Eventually, the small apartment at 680 Sutter made a move necessary and they bought a Victorian at 4411 17th Street in 1953. Michael, ever handy with the crow bar and paint bucket, cleaned that place up and he converted a downstairs space into his Studio. It looked down over Market Street to what would much later become the Castro District.
It was during this early 50’s period, Studio at 535 Columbus becoming Studio on 17th Street, that he attended California College of Arts & Crafts in Oakland. He had wanted to attend the San Francisco Art Institute, but this was during the Korean War and the SFAI did not offer a deferment from draft, while CCAC did. So the choice was CCAC. Two of his instructors there were Geo Post, well known for his Bold Flat strokes watercolors and potter Antonio Prieto. While there he befriended Nathan Olivera, who admired Michael’s work and was very supportive. Nathan, a well known painter later taught at San Jose State.
In 1956 another move, to an even larger space and a much bigger project, was to a four-story Queen Anne Victorian at 2507 Pacific Avenue. This was to be his home for the next 53 years. Because of its location in a quiet family neighborhood, and the size of the rehabilitation and restoration project that he took on, his life became much more reclusive and quiet. His top floor studio, looking out at the Bay and the Golden Gate Bridge became a refuge from the busy city and a quiet place to concentrate on his art. That isolation brought other problems-- being out of the mix, not part of a coterie of artists talking about each other, and the galleries not knowing who he was or what he was doing. Michael became an outsider, in his own little world, with no word circulating about what he was doing. That and his innate shyness precipitated his withdrawal from that mix.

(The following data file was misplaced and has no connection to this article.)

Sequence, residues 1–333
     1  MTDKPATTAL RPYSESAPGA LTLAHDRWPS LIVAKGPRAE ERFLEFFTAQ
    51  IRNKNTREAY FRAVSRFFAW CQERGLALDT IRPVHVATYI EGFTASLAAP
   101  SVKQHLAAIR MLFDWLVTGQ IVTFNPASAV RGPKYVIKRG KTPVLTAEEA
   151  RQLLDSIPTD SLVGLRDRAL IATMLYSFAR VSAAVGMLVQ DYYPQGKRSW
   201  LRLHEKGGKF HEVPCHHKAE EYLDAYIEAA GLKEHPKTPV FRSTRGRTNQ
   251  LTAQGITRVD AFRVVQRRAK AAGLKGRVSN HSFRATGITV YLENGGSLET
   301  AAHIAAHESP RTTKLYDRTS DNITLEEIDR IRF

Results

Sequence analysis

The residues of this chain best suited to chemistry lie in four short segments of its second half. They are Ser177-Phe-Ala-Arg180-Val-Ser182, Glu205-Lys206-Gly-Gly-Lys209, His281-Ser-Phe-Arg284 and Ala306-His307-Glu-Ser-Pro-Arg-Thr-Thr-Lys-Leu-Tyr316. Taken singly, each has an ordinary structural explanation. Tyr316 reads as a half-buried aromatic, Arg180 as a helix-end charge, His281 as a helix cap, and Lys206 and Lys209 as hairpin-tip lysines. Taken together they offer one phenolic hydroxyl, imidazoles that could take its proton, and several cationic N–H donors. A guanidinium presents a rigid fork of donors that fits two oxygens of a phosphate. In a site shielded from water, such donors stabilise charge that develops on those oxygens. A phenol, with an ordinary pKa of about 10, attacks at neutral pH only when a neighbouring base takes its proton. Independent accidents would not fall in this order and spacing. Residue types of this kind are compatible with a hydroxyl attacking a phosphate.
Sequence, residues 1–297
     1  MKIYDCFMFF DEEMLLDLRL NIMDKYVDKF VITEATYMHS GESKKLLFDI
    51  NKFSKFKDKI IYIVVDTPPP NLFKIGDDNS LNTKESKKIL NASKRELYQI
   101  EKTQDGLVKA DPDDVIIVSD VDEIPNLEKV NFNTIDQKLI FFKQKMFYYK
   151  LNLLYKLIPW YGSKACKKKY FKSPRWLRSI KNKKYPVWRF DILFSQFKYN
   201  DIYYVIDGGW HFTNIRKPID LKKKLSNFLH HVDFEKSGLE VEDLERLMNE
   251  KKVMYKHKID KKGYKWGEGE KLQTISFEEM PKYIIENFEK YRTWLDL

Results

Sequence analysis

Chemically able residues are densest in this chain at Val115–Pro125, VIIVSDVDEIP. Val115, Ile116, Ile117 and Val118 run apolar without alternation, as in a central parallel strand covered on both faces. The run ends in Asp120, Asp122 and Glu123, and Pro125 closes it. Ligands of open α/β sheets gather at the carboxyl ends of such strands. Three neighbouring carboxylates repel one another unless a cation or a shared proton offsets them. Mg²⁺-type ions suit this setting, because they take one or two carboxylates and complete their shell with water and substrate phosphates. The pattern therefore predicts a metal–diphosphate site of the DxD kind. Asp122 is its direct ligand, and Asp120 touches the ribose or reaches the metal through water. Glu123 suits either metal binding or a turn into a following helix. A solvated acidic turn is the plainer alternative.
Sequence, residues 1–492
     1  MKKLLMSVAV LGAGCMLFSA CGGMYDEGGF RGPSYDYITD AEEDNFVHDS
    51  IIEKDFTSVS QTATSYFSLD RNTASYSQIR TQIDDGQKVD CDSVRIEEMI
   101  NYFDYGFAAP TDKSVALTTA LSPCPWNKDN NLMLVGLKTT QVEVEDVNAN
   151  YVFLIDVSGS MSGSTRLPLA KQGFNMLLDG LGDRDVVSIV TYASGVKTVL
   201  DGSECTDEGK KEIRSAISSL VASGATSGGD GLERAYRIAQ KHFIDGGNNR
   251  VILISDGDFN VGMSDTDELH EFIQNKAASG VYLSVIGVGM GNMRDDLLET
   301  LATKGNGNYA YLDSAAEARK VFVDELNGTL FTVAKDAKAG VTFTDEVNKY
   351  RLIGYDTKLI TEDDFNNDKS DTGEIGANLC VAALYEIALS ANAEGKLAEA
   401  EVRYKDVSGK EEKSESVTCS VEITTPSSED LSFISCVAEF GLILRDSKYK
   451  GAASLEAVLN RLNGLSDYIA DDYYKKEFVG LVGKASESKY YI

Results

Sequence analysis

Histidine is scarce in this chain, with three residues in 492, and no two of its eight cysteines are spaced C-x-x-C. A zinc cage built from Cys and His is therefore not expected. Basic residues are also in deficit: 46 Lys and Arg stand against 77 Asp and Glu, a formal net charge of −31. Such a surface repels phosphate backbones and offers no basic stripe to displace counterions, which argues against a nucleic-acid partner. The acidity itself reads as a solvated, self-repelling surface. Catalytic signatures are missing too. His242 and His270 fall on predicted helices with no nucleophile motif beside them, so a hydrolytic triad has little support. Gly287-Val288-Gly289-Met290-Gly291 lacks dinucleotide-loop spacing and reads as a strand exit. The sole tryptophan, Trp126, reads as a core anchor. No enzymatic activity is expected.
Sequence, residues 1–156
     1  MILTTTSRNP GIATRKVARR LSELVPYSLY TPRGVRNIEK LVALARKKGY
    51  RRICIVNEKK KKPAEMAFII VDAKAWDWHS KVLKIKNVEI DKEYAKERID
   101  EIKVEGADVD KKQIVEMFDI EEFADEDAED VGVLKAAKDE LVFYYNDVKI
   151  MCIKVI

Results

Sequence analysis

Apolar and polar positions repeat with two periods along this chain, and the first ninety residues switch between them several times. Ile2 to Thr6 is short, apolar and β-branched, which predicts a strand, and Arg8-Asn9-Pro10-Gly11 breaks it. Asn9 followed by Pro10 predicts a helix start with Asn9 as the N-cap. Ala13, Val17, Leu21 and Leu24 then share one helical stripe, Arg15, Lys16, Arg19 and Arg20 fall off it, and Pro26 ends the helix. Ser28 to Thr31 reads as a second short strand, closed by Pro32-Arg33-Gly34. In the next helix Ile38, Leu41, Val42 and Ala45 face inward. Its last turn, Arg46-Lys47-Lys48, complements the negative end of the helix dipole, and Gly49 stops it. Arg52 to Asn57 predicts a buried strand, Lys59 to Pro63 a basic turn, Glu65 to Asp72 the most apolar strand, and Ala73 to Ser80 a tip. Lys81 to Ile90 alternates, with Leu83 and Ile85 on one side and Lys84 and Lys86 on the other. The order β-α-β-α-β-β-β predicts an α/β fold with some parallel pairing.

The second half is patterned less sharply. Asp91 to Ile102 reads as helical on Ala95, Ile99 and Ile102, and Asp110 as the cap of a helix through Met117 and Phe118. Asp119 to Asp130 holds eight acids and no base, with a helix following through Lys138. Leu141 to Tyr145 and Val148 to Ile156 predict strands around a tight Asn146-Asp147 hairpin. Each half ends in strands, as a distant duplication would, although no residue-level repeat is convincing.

His life long interest in Decorative Arts led him to search, along with his life partner Max Lightfoot, for interesting and beautiful objects they would present at antique shows. Michael especially enjoyed colored art glass, a natural offshoot for someone who was so excited by the different colors, combinations, intensity, nuances and integral importance of form; all things he explored so beautifuly in his work.
Michael died on December 20, 2010 at the age 81.
- Columbus Avenue Studios, 1950-52
- San Francisco Interplayers Theatre Gallery: one man show 1951-52
(Located at Beach and Hyde Streets - across from the Buena Vista Café)
- Another Gallery: one man show, 1952 (with Ruth Asawa Wire Sculptures)
- Kelly Gallery, 3673 Sacramento Street: one-man show, 1968
* This biographical information was written by Max Lightfoot, Michael’s friend and life companion (October 16, 1969 - December 2010). Our thanks to Max for bringing Michael's story and this stunning collection to Lost Art Salon.